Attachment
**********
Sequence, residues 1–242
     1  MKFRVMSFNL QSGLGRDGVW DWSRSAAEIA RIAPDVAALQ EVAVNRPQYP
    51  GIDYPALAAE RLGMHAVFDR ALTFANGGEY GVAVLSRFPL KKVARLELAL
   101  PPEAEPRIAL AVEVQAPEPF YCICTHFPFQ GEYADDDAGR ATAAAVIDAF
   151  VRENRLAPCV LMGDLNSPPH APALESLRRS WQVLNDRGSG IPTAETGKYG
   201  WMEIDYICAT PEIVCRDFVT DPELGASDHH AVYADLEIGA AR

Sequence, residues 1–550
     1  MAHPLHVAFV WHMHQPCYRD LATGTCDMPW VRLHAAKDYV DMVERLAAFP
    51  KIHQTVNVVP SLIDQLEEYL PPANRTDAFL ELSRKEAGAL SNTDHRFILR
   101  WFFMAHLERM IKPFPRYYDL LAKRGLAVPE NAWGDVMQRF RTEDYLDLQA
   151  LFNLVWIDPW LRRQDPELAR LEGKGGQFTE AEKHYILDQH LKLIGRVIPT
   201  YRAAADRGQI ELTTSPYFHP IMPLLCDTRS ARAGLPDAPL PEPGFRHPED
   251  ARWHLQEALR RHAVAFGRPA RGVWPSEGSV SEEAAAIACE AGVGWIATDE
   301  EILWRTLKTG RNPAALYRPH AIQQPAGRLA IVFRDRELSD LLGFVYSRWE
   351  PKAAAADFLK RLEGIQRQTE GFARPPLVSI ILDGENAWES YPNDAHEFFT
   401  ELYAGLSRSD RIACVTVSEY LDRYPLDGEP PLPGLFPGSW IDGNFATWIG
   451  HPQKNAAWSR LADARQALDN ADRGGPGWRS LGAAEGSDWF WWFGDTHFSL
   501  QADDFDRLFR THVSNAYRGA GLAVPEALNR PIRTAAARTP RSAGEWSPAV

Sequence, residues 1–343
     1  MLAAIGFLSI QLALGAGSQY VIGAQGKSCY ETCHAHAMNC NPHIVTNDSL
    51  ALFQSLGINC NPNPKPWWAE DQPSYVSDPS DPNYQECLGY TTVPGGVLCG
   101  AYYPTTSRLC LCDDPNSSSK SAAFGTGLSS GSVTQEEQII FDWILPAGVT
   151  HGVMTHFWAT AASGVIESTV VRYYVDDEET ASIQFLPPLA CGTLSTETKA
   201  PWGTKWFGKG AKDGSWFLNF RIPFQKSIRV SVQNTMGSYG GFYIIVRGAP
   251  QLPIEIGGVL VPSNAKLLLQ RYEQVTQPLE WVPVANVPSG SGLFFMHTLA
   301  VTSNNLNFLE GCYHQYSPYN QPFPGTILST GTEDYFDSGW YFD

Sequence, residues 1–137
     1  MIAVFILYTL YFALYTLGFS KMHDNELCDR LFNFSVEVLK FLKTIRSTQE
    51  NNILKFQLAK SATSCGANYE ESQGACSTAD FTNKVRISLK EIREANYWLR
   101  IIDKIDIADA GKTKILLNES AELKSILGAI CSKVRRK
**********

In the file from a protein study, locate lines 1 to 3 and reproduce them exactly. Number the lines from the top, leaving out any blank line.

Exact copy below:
Sequence, residues 1–242
     1  MKFRVMSFNL QSGLGRDGVW DWSRSAAEIA RIAPDVAALQ EVAVNRPQYP
    51  GIDYPALAAE RLGMHAVFDR ALTFANGGEY GVAVLSRFPL KKVARLELAL